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Durdle Door Overview
Durdle Door, Dorset

Durdle Door (sometimes written Durdle Dor) is a natural limestone arch on the Jurassic Coast near Lulworth in Dorset, England. It is owned by the Welds, a family who own 12,000 acres (50 km2) in Dorset in the name of the Lulworth Estate. It is open to the public.

Geology

The form of the coastline around Durdle Door is controlled by its geology—both by the contrasting hardnesses of the rocks, and by the local patterns of faults and folds. The arch has formed on a concordant coastline where bands of rock run parallel to the shoreline. The rock strata are almost vertical, and the bands of rock are quite narrow. Originally a band of resistant Portland limestone ran along the shore, the same band that appears one mile along the coast forming the narrow entrance to Lulworth Cove. Behind this is a 120-metre (390 ft) band of weaker, easily eroded rocks, and behind this is a stronger and much thicker band of chalk, which forms the Purbeck Hills. These steeply dipping rocks are part of the Lulworth crumple, itself part of the broader Purbeck Monocline, produced by the building of the Alps during the mid-Cenozoic.

Durdle Door from the east - geograph.org.uk - 14
A 'back view' of the Durdle Door promontory from the east, showing the remnants of the more resistant strata in Man O'War Bay

The limestone and chalk are in closer proximity at Durdle Door than at Swanage, 10 miles (16 km) to the east, where the distance is over 2 miles (3 km). Around this part of the coast nearly all of the limestone has been removed by sea erosion, whilst the remainder forms the small headland which includes the arch. Erosion at the western end of the limestone band has resulted in the arch formation. UNESCO teams monitor the condition of both the arch and adjacent beach.

The 120-metre (390 ft) isthmus that joins the limestone to the chalk is made of a 50-metre (160 ft) band of Portland limestone, a narrow and compressed band of Cretaceous Wealden clays and sands, and then narrow bands of greensand and sandstone.

In Man O' War Bay, the small bay immediately east of Durdle Door, the band of Portland and Purbeck limestone has not been entirely eroded away, and is visible above the waves as Man O'War Rocks. Similarly, offshore to the west, the eroded limestone outcrop forms a line of small rocky islets called (from east to west) The Bull, The Blind Cow, The Cow, and The Calf.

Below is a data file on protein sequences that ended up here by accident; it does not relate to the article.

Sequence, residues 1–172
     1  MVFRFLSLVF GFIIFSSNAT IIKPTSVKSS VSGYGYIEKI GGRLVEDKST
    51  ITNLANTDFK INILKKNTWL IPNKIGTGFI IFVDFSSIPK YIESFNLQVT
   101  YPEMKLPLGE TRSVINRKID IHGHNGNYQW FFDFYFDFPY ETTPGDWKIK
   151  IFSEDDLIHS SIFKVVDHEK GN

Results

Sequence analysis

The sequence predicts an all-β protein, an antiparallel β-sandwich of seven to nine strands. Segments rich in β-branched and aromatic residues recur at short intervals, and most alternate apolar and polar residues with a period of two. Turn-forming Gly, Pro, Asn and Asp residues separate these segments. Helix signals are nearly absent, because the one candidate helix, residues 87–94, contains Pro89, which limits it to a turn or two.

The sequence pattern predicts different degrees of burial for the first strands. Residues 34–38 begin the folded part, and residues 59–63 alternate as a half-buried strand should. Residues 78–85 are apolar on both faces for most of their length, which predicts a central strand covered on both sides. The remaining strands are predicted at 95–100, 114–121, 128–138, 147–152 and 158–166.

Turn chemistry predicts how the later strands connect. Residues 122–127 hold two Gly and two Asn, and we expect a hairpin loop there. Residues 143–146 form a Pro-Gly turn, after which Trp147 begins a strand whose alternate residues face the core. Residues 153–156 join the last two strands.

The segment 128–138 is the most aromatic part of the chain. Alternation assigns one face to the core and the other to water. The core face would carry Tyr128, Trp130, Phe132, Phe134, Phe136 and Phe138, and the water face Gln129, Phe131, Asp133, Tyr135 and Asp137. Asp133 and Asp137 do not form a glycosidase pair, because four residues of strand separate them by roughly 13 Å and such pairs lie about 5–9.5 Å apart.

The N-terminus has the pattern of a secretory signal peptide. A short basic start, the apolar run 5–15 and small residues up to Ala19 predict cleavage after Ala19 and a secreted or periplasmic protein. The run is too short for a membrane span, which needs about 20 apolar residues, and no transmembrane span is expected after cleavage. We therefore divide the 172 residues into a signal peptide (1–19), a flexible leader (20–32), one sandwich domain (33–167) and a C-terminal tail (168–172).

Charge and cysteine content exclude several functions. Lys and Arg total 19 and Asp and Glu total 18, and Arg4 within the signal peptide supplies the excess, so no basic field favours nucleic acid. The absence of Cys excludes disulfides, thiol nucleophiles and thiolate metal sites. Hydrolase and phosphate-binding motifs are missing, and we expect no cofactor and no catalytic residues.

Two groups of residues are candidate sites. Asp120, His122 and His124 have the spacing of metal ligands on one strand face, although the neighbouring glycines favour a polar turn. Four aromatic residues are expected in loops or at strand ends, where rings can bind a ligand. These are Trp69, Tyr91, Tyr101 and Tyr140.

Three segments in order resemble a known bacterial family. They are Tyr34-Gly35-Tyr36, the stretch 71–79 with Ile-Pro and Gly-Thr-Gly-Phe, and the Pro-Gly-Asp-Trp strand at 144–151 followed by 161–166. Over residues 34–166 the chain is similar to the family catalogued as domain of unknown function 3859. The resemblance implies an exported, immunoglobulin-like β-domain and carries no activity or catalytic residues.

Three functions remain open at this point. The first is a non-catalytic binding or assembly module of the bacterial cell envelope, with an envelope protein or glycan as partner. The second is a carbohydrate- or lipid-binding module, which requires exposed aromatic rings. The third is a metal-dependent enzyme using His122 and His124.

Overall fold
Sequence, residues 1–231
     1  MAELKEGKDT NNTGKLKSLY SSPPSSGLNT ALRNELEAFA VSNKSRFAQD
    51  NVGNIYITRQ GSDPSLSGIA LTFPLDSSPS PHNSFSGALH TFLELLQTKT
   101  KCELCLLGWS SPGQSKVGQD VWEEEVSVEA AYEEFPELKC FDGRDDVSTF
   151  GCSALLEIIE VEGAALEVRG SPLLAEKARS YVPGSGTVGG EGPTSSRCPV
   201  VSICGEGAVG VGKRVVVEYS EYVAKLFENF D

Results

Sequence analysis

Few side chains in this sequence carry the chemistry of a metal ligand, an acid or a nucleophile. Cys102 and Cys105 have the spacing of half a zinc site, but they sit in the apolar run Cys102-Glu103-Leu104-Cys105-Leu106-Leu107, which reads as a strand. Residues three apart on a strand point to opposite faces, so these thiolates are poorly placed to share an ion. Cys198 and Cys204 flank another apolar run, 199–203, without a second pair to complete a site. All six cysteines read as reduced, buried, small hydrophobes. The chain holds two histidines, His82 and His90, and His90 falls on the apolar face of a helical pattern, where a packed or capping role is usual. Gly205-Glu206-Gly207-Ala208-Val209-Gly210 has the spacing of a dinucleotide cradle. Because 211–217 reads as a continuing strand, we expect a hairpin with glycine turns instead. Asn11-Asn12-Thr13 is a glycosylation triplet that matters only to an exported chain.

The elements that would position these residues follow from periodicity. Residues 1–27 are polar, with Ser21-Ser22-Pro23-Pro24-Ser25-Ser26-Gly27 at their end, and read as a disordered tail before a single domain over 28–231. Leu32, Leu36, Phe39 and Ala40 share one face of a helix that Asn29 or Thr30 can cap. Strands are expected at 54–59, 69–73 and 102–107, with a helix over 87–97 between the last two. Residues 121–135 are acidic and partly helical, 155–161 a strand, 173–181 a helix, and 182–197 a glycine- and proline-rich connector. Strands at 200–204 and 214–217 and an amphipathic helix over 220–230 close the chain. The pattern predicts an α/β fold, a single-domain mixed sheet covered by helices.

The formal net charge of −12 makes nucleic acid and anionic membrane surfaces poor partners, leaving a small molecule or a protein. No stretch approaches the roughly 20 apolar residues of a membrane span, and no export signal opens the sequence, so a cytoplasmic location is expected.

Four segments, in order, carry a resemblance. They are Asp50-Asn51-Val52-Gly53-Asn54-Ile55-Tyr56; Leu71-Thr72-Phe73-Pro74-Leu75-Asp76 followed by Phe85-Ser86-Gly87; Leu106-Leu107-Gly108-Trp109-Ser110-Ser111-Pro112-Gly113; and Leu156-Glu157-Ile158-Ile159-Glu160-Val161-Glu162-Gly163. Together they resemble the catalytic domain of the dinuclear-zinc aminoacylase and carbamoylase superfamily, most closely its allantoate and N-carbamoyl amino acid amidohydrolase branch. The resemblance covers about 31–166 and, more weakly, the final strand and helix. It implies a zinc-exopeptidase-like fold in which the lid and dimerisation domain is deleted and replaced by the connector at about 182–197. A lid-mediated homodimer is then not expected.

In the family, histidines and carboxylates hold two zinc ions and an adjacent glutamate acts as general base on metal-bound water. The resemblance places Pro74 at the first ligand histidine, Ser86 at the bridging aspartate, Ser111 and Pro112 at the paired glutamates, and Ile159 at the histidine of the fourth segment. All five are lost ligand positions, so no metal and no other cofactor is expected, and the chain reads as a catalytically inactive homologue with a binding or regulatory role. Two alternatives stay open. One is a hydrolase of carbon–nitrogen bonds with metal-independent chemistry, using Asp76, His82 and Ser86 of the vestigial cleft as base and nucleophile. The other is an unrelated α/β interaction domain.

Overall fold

As the coastline in this area is generally an eroding landscape, the cliffs are subject to occasional rockfalls and landslides; a particularly large slide occurred just to the east of Durdle Door in April 2013, resulting in destruction of part of the South West Coast Path.

Etymology

There is a dearth of early written records about the arch, though it has kept a name given to it probably over a thousand years ago. In the late 18th century there is a description of the "magnificent arch of Durdle-rock Door", and early 19th-century maps called it "Duddledoor" and "Durdle" or "Dudde Door". In 1811 the first Ordnance Survey map of the area named it as "Dirdale Door". Durdle is derived from the Old English thirl, meaning to pierce, bore or drill, which in turn derives from thyrel, meaning hole. Similar names in the region include Durlston Bay and Durlston Head further east, where a coastal stack suggests the existence of an earlier arch, and the Thurlestone, an arched rock in the neighbouring county of Devon to the west. The Door part of the name probably maintains its modern meaning, referring to the arched shape of the rock; in the late 19th century there is reference to it being called the "Barn-door", and it is described as being "sufficiently high for a good-sized sailing boat to pass through it."

Durdle Door (1877)
People on the beach show the scale of the arch. The Isle of Portland can be seen on the horizon.
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